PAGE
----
I Want To Live!, 1958. 8/10

This really grew on me. The opening scenes, with the sordid, film-noir clubs and backrooms were a cool set-up. After Barbara (Susan Hayword) gets implicated in the murder, she’s betrayed by everyone who could’ve helped her; soon, however, the journalist and the psychologist (Theode Bikel) come over to her side. Then, she’s betrayed by fate, as the shrink dies, her appeals are denied, and she’s on death row. The last part of the movie is the most intense, as she’s doomed…but has occasional glimmers of hope shut off by thickening layers of disappointment.

The clinical atmosphere of the death chamber, and the agonizingly slow wait for this denouement, is completely horrific. The very last scene, showing the banality of honking horns from the departing ‘audience’ to the execution, is an ironical trivialization of Barbara’s death. She’s been abused, scorned, laughed at, used, (maybe) set-up, and, then disposed of. It does seem that she has been railroaded; but that is significantly not demonstrated. Nonetheless, her predicament is portrayed sympathetically. Susan Hayward’s performance is very strong. Since I’m unfamiliar with the actual case, my impression of her take on Barbara is completely subjective.

I agree with those viewers who find her character unsympathetic. In fact, the only thing I like about her is her friend Peg (Virginia Vincent). It’s kind of funny when Peg first visits Barbara in jail; “would you believe it? I’m a real square” Peg admits. Barbara definitely admires her for having the guts to leave the swinging lifestyle. Barbara undoubtedly wishes she could be a ‘square’ too. At the very least, this scene tells us that she’s not the asocial misfit that she’s made out to be. Still, she’s immensely unlikable. It’s that strange nonchalance of hers; sort of a fake savoir-faire. Like she’s better than everyone (‘the squares’) because she doesn’t give a hang. It’s not really personality, it’s a pose. Especially annoying are her pantomimed dice-rollings to ‘explain’ her who-cares mentality.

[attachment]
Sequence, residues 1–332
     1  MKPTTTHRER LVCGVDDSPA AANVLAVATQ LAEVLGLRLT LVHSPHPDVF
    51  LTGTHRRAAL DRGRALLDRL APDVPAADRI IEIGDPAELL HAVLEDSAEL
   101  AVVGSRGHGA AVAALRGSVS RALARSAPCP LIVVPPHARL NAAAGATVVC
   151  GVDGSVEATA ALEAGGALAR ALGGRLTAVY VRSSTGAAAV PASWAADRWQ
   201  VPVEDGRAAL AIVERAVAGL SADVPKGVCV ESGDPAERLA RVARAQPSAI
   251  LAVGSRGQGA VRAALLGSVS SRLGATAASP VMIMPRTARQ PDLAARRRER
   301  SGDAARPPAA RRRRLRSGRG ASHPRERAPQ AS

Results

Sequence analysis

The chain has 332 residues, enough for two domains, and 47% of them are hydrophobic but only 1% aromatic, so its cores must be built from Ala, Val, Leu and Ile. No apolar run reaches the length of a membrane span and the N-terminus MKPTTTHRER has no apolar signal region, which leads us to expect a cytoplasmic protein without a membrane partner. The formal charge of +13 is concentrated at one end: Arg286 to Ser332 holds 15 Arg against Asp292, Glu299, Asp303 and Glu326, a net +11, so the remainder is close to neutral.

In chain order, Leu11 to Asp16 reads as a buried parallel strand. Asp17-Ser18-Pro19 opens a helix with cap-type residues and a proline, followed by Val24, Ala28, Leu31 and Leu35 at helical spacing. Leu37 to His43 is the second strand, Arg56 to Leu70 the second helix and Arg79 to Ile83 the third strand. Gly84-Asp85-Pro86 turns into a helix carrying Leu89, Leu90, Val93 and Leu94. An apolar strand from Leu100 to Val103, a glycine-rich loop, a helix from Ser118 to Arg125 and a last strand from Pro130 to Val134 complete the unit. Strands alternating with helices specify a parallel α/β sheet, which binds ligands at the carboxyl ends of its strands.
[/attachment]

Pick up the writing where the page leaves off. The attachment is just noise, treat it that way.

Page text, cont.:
Having said that, though, she seems to develop an actual self as she faces death. There’s poignancy in the way she engages with the prison staff, as well as some natural scorn for what they represent. Toting her son’s teddy bear all that way is whimsical and touching. It doesn’t matter that there’s no gore or zombies or other current props of horror–the execution scene is creepy beyond sensationalism. The realism is absolute.

The pacing and atmosphere are aided by the intrusive TV and newspaper updates, much of which is misinformation. It’s all the more effective because Barbara can’t get away from it; she even gets slammed with the news on her case from the prison TV. Another colorful element is the jazzy music. It represents pure fun; sort of a harmless escape from the ‘square’ world. Barbara is the tragic noir hero who’s handed a bad deal and plays it recklessly. 8/10.

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